Combining gut bacteria and blood metabolite data:

18 metabolites in the blood were found to be related to both fiber intake and T2D, and also to specific gut bacteria. The study found connections between specific bacteria, molecules, and T2D risk.

Blood metabolites may explain links between gut bacteria and T2D:

The relationships between some gut bacteria (Faecalibacterium, Butyrivibrio, Acidaminococcus, and Lachnoclostridium) and T2D became weaker when considering their related metabolites. The study suggests that certain gut bacteria may affect T2D risk through the molecules/byproducts they produce.

Predicting T2D risk using gut bacteria and blood metabolites:

Using blood metabolites as stand-ins for gut bacteria, the study suggested that Butyrivibrio and Lachnoclostridium bacteria might be related to increased T2D risk. By analyzing the relationships between gut bacteria and blood molecules, the study found clues that certain bacteria could help predict someone's risk of developing T2D in the future.

Conclusion:

The study shows that eating more dietary fiber is linked to healthier gut bacteria, bacterial functions, and blood molecule profiles. All these components are related to a lower risk of T2D. Keep in mind this study looked at a U.S. Hispanic/Latino population--as such, broader studies will need to be conducted. In the short term, fiber's beneficial role in promoting a healthy diet is well-established.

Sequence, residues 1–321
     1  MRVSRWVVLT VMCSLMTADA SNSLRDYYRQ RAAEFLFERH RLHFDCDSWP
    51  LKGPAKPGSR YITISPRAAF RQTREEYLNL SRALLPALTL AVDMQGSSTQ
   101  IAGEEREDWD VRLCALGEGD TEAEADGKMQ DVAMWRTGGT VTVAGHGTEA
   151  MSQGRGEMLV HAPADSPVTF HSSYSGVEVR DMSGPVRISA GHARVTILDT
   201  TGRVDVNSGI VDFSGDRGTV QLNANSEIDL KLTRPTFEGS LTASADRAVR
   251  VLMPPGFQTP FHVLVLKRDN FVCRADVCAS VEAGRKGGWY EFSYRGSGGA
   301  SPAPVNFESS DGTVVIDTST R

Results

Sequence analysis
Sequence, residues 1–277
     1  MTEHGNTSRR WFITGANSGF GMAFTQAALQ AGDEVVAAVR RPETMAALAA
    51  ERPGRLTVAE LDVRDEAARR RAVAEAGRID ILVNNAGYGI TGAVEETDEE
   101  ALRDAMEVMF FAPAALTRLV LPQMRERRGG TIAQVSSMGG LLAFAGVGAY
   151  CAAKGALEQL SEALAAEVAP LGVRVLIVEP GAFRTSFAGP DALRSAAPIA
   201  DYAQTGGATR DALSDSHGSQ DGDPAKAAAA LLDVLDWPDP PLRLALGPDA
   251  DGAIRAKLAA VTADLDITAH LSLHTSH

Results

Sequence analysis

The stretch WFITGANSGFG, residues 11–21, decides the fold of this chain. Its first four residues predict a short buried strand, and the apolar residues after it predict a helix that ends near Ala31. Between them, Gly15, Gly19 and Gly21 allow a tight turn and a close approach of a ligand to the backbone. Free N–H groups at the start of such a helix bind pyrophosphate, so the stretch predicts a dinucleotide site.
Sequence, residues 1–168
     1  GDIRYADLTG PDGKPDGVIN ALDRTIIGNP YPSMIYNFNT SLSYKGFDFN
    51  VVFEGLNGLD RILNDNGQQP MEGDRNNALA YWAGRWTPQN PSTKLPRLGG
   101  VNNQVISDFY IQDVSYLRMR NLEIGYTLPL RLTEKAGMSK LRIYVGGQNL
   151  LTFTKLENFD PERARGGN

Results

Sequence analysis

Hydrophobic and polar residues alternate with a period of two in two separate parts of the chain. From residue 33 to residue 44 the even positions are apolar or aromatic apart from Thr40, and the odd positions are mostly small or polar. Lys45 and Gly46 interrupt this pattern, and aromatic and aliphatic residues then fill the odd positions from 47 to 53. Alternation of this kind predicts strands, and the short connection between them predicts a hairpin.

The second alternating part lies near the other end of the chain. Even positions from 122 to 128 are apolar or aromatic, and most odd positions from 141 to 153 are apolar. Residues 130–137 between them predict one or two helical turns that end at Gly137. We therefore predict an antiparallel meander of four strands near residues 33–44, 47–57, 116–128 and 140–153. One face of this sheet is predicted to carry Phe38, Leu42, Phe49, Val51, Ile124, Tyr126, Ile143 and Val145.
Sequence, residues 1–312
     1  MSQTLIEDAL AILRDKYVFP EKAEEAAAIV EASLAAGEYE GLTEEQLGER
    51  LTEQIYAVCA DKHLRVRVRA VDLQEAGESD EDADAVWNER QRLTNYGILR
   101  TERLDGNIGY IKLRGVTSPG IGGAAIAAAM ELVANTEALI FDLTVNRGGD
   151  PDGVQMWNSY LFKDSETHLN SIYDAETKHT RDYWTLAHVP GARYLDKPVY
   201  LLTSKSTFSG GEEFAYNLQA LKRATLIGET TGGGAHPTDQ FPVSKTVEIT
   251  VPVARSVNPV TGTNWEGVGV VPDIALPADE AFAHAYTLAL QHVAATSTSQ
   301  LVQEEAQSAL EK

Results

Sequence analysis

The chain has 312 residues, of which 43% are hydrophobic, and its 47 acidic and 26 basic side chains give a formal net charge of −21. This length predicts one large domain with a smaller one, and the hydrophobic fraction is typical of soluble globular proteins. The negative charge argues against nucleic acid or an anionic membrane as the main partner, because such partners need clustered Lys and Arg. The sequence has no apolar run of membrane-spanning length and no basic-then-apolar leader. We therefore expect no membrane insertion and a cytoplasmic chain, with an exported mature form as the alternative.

Medical News Today: What This Means for Your Health in Georgia

The Bottom Line: The findings help us better understand the complex relationships between dietary fiber, gut bacteria, and blood molecules, and how they may influence the development of T2D.

"Consistent evidence suggests diabetes-protective effects of dietary fiber intake, but exactly how that protection occurs remains unclear." Zheng Wang, PhD. (Study Editorial)

What They're Saying: "Our study revealed that Faecalibacterium was associated with multiple potentially beneficial metabolites in serum, including indolepropionate, 3-phenylpropionate, and cinnamoylglycine, all linked to higher fiber intake and lower risk of T2D. Our findings are consistent with the reported beneficial role of indolepropionate in antiinflammation, antioxidant activity, and amelioration of glucose metabolism." (Study Source)

Read More Mouth Bacteria Linked to Colorectal Cancer Growth. Doctor Explains

Health Standard Newswire: Fiber Intake Shapes Beneficial Bacteria and Metabolites.

Health Facts That Matter: Key Statistics for Wheeler County, Georgia

The following health facts impact your physical health directly!

Did you know there were 2943 deaths from diabetes in Georgia in 2021?

42.9% of you in Wheeler County are obese.

19.8% of you in Wheeler County have depression.

42.7% of you in Wheeler County are sleeping less than 7 hours per night.

All of these variables above play an important role in the outcomes of your overall health.

The Health Standard Newswire.